On Easter Sunday, the Government opened their consultation on the first ever Cycling and Walking Investment Strategy. Our Head of Policy, Tom Platt, asks: how significant is it really? 


At Living Streets, we believe the Cycling and Walking Investment Strategy - known as the CWIS (cee-whizz) - is a major milestone for walking in England.*

Its release marks an important step towards government recognising walking as a serious transport mode in its own right and an integral part of the network, rather than a peripheral interest or town-planning afterthought. After all, walking is a part of our everyday lives – it helps us to keep healthy, to get around and reduce congestion and pollution.

The consultation comes to a close on Monday, 23 May 2016. We’re thrilled that more than a thousand of our supporters have joined us calling for a walking target.

You can now read our full response here.

The Government’s overarching ambition is one we support:

We want to make cycling and walking the natural choice for shorter journeys, or as part of a longer journey.

Delivering a ‘walking and cycling nation’ would have a profound impact on people’s everyday lives, improving the nation’s health and supporting less congested, more competitive towns and cities.  In the Government’s own words, ‘we cannot afford not to grasp the opportunities available.’

A big positive coming out of the draft strategy is that for the first time the Government has set an objective to reverse the decline in walking. The strategy also reiterates their ambition to increase the number of children walking to school. 

But disappointingly, the consultation document doesn't contain measurable targets for walking. Instead this strategy promises, rather oddly, to review whether ‘quantifiable targets for walking for 2025 are appropriate’ during the development of the next strategy.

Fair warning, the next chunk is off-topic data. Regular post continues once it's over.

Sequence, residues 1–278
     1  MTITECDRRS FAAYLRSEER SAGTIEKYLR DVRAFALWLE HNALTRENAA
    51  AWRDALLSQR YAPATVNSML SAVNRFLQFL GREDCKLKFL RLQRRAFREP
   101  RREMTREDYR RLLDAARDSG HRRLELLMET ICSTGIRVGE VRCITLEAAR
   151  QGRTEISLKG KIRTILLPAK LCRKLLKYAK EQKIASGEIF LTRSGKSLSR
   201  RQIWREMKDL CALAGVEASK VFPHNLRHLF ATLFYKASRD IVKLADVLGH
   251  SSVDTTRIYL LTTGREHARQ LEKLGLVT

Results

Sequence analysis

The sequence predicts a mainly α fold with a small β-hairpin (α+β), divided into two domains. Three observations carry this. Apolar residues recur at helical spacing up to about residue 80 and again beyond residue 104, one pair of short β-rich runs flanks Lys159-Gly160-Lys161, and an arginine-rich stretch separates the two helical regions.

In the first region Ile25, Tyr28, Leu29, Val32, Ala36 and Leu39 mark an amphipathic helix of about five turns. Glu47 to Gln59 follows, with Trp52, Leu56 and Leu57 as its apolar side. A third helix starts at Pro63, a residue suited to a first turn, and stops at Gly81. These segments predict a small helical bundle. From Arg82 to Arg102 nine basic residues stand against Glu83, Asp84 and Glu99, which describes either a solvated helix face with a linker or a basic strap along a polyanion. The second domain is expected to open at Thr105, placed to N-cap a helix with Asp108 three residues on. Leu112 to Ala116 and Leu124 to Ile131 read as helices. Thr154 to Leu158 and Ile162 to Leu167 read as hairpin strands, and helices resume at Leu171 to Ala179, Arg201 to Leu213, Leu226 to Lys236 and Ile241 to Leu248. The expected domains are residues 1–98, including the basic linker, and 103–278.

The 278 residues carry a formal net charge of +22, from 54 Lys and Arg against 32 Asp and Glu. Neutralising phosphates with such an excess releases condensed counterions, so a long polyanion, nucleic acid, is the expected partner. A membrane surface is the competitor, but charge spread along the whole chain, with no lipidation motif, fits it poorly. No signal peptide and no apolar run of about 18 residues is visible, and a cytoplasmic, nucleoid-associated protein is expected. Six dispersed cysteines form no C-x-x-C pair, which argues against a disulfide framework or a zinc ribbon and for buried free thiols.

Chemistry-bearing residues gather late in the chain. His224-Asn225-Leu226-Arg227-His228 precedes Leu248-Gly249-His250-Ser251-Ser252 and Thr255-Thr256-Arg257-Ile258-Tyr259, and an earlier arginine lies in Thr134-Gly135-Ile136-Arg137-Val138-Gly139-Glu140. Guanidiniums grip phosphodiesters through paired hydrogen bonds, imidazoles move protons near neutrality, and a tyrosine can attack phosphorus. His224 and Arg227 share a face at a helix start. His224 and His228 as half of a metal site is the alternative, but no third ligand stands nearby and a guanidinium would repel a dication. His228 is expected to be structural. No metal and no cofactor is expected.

Funding is another area of concern. The truth is, ever since the Spending Review 2015, money for the first CWIS was likely to be disappointing. 

We know budgets are tight but the relatively tiny sums available for this ‘investment strategy’ still jar - especially when compared with the £15bn being spent on England’s motorways and trunk roads between now and 2020-21.  

The main sources of unallocated funding currently available for walking are the Access revenue fund and the Local Growth Fund. The £80m 5-year Access fund is much less than the previous £64.5m of revenue funding that was available annually under the Local Sustainable Transport Fund (LSTF). Capital funding is largely in the hands of Local Enterprise Partnerships (LEPs) via the Local Growth Funds. Unfortunately, their track record of spending on walking and cycling infrastructure is poor.

The centrepiece of the consultation is a set of five questions that focus on:

1.    The approach and actions contained within the draft strategy.

2.    The potential roles of national government departments, local government, other public bodies, businesses and the voluntary sector in delivering the strategy.

3.    Ideas and evidence of innovative projects and programmes which could be developed to deliver the objectives.

4.    Ideas on how to increase cycling and walking in typically under-represented groups.

5.    The type of assistance Local Authorities and Local Enterprise Partnerships would find beneficial to support development Local Cycling and Walking Infrastructure Plans.


The consultation is now open until 23 May 2016. We’ll be going through the detail in the next couple of weeks and will share with you our full response.  

But here is a chance to call for bolder policies that would really make a difference to the places people walk. How about a national and consistent approach to pavement parking? Or a long overdue national 20mph default speed limit? Shouldn’t we make the case for the Government to adopt measurable targets for walking (as they have for cycling)? 

The CWIS strategy, as it stands, will not be enough to transform the nation. But it is an important first step. 

The Government states: 'Realising our ambition will…take a change in attitudes - amongst central government, local bodies, businesses, communities and individuals.' On this evidence some remain to be convinced. But we at Living Streets are determined to carry on campaigning to make Britain a walking nation.

*As a devolved policy area, it covers England only. We are working separately with the Scottish and Welsh governments on their own strategies. 

The strategy is available to read here.